I first submitted bids for UK government innovation money when Innovate UK was called the ‘Technology Strategy Board’ and, as an ardent free marketer, was sceptical of how effective government can be in ‘picking winners’ on the industrial landscape. However, as years have passed I have come to realise that, in practice, Innovate UK has proven its worth as a part of Britain’s sophisticated digital economy. This is not to say that I am convinced that the Prime Minister’s latest push for a much more comprehensive ‘industrial strategy’ is either desirable in Global Britain or has much chance of being effective given our short political time frames (think NHS reforms) – but this is a matter for another blog post.
Having given this some serious thought over past year since the UK's EU Referendum, I now see Innovate UK having three core strengths that can boost Britain’s economy in a post-Brexit world:
First the UK's Innovation Agency, is very good at identifying broad ‘future problem areas’ which will need innovative solutions. Post the 2007/8 Great Global Financial Correction, most government’s around the world must make do with getting more from less in trying to solve some of the greatest problems facing their citizens. These may be health issues associated with aging populations or issues surrounding the quality of life in urban environments as more people move into cities. A look at the Innovate UK website shows that they have a good understanding of where future problems are likely to crop up or, more importantly, get worse.
Second, Calls for bids for Innovate UK funds show that they understand that “the trend is your friend.” They appear to be staffed with knowledgeable people who are tapped into the latest cutting edge thinking which is driving momentum in a whole range of areas from biomedical, digital health to connected autonomous vehicles, innovation in rail, connected transport and emerging and enabling technologies. In some cases, Innovate UK money may be awarded to ‘bleeding edge’ technology within an emerging trend that would never get funding from elsewhere, like those in its First of a Kind competitions.
Third, Innovate UK has developed world class processes for both awarding and tracking the success of taxpayers’ money spent on innovation. From whether such leading-edge technology solutions pass the informed ‘Sniff Test’ (which is all you may have to go on in the most bloody of bleeding edge innovations) to a robust but flexible analysis of how the money is spent, Innovate UK leads the world, surpassing in many instances even the accountability benchmark procedures of Britain’s VC companies.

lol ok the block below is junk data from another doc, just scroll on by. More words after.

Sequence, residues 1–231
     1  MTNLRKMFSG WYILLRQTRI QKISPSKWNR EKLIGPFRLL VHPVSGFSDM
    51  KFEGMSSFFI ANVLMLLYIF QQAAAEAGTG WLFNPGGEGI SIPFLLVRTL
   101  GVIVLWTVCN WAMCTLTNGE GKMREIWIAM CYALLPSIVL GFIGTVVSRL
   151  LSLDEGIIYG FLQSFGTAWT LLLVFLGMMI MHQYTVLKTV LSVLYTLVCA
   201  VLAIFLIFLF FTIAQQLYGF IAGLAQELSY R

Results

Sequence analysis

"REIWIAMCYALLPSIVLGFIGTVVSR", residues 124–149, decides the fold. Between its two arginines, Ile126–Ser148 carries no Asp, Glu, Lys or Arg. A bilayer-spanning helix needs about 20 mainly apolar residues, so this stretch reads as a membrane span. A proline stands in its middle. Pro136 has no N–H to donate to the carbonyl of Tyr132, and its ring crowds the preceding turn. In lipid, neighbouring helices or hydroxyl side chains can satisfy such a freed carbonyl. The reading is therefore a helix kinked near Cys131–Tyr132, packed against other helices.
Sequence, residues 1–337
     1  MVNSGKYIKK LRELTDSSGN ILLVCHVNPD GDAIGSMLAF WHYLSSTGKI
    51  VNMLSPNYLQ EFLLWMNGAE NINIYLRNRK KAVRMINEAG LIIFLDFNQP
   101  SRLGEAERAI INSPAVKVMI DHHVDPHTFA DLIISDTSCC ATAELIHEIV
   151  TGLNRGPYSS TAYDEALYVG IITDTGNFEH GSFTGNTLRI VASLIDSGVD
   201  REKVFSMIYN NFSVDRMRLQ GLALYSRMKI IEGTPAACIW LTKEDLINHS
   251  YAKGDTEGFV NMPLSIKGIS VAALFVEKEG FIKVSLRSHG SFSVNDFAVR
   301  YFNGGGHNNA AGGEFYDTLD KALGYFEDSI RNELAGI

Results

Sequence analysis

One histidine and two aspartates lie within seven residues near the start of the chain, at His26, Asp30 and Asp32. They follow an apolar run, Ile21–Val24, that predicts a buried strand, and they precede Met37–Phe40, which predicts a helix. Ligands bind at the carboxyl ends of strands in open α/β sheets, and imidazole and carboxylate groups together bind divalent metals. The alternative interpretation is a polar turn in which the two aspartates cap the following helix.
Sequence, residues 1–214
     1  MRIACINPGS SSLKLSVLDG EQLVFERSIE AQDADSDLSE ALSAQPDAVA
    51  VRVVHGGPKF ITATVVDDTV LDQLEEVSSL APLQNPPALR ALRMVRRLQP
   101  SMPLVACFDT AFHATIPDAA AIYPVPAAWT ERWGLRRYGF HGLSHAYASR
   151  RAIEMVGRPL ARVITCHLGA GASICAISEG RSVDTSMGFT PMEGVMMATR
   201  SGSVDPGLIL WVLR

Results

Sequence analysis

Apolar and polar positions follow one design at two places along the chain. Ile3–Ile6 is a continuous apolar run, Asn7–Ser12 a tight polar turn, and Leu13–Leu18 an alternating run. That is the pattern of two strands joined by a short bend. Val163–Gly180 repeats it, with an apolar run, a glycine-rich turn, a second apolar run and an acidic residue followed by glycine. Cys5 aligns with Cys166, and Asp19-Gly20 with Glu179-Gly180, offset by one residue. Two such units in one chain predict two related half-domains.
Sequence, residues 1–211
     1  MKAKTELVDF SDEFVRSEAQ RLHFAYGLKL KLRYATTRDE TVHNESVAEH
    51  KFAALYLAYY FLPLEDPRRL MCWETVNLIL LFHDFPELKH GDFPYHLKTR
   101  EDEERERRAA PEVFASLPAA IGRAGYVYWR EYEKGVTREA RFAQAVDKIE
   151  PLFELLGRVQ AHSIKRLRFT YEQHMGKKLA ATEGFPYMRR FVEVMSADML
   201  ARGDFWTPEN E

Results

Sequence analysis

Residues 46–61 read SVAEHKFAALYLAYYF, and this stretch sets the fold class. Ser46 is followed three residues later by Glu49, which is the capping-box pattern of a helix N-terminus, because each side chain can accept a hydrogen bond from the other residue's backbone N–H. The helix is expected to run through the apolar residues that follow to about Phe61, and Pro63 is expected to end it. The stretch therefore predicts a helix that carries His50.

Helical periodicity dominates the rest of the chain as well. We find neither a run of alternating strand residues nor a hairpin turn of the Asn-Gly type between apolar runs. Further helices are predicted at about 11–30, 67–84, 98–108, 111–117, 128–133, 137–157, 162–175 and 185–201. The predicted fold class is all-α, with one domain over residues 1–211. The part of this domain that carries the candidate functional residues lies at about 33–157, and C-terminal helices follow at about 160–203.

Today, it is not surprising that other countries which are trying to understand how to finance their own national innovation schemes are looking to Britain as source of best practice in this area. As a result, Innovate UK are sending some of their brightest across the globe to set up Innovate UK-type Calls in which British firms can link up with partners in distant markets (India, China). Clearly, as Britain Brexits (and the EU’s share of the world economy falls to only 13% without us) the Government hopes that Britain’s entrepreneurs will open their eyes to the opportunities in these markets.
Whether it is possible to set up an Innovate UK style body in countries with higher levels of corruption than in the UK is open to question. Robust integrity in awarding public money may turn out to be the most significant prerequisite for any state to successfully seed fund national businesses who have the best ideas to solve future problems. In this case, these less scrupulous countries can let the UK innovate these ideas and then steal them as they have done in the past.